activity which mark the dawn of a new era, the stronger should assist theweaker, and give to them out of their abundance. The members in Americanow have the opportunity to show their loyalty to the Cause, and to theMasters, by carrying out the wishes of the Rajah and H. P. B. To do this,many of our best workers, whose ability and energy are unquestioned, whose potencies for good are almost unlimited, are to be sent out from theHeadquarters in New York. This will put a tremendous strain upon thosewho are left behind, not only as to detail work, but also in the way of throwing out the force and energy that has to go out from this great centre.This they are willing and glad to bear. Those who are sent will carry on amost vigorous crusade on the other side of the ocean, reawaken the flaggingenergies of those who have become indifferent, restart the fires which havesmouldered but not died out, form new centres, and kindle new lightsthroughout the countries they visit. Those of us who cannot take a direct part in the crusade have most vital work to do in providing the necessaryfunds to carry it on. A most urgent appeal is therefore sent out for help todefray the expenses of this trip to Europe and other parts of the world. Thecrusade will last till March, 1897. A very large amount of money willtherefore be needed. Subscriptions will be received up to the termination of the crusade; but immediate contributions are requested.Remittances should be made to E.A. Neresheimer, Treasurer, 20Maiden Lane, New York, N. Y.Committee: H.T. Patterson, E.A. Neresheimer, C.A. Griscom, Jr.= = = = = = = = = = = = = = = =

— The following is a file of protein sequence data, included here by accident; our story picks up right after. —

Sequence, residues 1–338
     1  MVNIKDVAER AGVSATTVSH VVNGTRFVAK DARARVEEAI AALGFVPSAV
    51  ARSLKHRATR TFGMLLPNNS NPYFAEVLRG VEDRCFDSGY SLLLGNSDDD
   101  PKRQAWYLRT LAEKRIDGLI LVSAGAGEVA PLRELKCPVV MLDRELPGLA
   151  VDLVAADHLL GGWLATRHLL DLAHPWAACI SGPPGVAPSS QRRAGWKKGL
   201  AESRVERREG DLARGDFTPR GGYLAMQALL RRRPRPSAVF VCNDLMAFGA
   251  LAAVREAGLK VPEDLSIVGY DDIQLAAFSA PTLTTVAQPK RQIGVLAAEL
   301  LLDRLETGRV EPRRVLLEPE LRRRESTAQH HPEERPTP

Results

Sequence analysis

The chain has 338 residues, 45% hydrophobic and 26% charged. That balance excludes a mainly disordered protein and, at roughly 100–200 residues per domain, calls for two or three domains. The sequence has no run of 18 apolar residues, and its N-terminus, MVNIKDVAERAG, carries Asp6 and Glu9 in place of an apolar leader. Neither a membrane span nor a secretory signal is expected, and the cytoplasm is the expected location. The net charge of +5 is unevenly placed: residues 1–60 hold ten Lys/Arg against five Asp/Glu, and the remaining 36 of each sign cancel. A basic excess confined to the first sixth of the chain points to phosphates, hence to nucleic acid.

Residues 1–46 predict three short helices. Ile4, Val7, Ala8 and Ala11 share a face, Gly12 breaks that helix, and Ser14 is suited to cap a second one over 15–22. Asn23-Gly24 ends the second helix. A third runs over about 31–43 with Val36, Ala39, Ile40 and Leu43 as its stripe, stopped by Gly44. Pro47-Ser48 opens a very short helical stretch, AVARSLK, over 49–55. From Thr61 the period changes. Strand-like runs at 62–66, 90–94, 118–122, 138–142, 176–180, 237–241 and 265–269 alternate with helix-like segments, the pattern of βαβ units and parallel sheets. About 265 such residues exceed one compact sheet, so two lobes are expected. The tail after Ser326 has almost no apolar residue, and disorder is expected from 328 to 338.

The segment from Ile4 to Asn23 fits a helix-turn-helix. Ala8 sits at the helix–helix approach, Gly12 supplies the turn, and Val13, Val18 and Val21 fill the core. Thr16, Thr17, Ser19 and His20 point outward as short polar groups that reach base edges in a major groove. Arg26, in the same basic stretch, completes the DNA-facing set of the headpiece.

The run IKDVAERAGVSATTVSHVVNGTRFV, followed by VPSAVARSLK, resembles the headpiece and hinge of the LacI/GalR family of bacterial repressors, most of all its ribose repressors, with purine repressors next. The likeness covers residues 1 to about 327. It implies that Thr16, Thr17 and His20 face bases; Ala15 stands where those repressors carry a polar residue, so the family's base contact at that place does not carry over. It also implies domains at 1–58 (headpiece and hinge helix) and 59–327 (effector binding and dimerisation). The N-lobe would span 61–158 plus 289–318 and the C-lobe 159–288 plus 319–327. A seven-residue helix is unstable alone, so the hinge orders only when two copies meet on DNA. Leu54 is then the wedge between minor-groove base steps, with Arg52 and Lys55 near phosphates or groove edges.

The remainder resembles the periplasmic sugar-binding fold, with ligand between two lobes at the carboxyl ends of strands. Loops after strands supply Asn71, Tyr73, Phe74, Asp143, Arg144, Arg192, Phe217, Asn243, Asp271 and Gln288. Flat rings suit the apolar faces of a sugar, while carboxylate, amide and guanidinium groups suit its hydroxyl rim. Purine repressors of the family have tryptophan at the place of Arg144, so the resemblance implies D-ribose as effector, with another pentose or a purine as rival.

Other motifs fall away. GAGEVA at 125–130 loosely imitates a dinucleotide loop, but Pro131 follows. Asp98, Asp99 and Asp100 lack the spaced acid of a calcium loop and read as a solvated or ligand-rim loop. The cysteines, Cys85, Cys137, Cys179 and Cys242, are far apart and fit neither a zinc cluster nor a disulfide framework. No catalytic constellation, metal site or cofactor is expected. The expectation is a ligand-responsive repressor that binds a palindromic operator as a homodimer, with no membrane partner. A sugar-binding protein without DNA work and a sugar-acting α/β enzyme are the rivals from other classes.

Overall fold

[July, 1896:]
The Crusade is already at work in Europe, or will be by the time these pages are read in America. The greatest enterprise of the XIXth century,theosophically speaking, has thus been commenced. It will not beabandoned for one moment until every part of the plan has been made perfect. It is the supreme and necessary effort of the century, arid at itscompletion the life-work of H. P. Blavatsky and William C. Judge will beconsummated. From its inception the theosophical movement has been aholy war, and this Crusade goes forth to conquer the world by the power of Light and Truth. It will be the last campaign of a twenty-five years' struggle- a struggle for brotherhood and for the liberation that the light of truthalways brings.